The key question addressed in this assessment is:
"To what extent are the developmental aims of the Cape Town 2004 Bid likely to be realised?"
This question is best answered by examining to what extent the Bid complements and consolidates three important national and metropolitan policies, namely the Reconstruction and Development Programme, the Growth, Employment and Redistribution strategy, and the Metropolitan Spatial Development Framework. At a national level, RDP and GEAR underpin government's approach to meeting the social and economic needs of South Africans, while at a metropolitan level the MSDF informs the spatial development of the Cape Metropolitan Region. Based on these policies, the following policy goals are central to this assessment of the Bid:
a) Promote economic development, investment, and exports, and manage inflation, exchange rate fluctuations and government deficits;
b) Create jobs, promote empowerment, human resource development, SMMEs and ABEs;
c) Provide for basic needs;
d) Restructure the metropolitan region and integrate urban areas and redress unequal distribution of access to facilities and opportunities;
e) Create and promote the use of a viable public transportation system;
f) Promote environmental awareness and sustainable use of natural resources;
g) Promote nation-building.
The findings of this assessment indicate that there are a number of opportunities, limitations and risks associated with hosting the Games.
The SEA has identified the opportunities likely to arise from hosting the Games, and has assessed the extent of these opportunities. It is clear from the media, and from statements by political leaders and many in the business community, that there are widespread expectations that a successful Bid will generate significant opportunities and benefits for the Cape Metropolitan Region (CMR), South Africa and to some extent even the continent of Africa.
At the same time, however, it is important to recognise that there are limitations associated with these benefits.
a) Promoting economic development
Bidding for and hosting the Games provides a unique opportunity for accelerated public and private expenditure in the CMR. The economic benefits of this expenditure include an increase in Gross Domestic Product (GDP) and Gross Regional Product (GRP). The economic sectors which are likely to be most affected are construction and tourism. Hosting the Games is also likely to have a positive impact on the communications industry. It will provide a unique opportunity to promote the investment and tourism potential of Cape Town, the Western Cape, South Africa and Southern Africa as a whole. This, coupled with the potential involvement of international firms, could enhance the longer term economic opportunities associated with the Games and increase the competitiveness of South African companies. The Games could thus act as an important catalyst for future economic development. This has already occurred to some extent through the process of bidding for the Games and being shortlisted. Even if Cape Town is not awarded the Games, approximately R350 million will have been spent on priority projects, which are located in the disadvantaged areas of the CMR.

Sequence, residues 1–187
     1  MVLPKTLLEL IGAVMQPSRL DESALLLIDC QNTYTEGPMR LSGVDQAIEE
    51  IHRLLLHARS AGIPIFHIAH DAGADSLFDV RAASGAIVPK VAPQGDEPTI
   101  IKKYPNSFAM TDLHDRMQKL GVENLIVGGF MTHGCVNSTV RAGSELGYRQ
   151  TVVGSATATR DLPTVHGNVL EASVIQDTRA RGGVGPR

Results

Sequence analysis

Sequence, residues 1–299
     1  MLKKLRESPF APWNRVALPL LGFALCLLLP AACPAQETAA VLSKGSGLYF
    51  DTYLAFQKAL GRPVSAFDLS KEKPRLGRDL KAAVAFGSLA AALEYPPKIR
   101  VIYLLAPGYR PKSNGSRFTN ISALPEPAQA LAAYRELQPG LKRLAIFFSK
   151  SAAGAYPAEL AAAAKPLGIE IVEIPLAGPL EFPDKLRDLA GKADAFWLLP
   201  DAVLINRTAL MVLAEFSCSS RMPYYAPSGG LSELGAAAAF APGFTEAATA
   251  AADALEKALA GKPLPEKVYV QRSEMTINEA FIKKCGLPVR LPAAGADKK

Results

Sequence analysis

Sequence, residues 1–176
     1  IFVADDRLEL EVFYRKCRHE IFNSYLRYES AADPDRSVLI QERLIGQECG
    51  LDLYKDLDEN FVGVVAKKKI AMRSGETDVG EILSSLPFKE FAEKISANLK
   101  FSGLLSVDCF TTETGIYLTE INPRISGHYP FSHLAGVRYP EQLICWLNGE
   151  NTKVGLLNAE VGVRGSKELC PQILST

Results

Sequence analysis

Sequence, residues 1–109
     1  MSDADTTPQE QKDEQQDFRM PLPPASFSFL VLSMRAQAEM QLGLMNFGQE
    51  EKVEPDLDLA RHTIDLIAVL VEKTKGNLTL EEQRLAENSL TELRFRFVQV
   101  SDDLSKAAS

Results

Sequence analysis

Of three scenarios, the best estimate suggested by the Development Bank of Southern Africa (DBSA) predicts that the Games are likely to result in an increase of R 30 000 million in GDP over ten years, which will in turn lead to an increase in government revenue of up to R 8 000 million.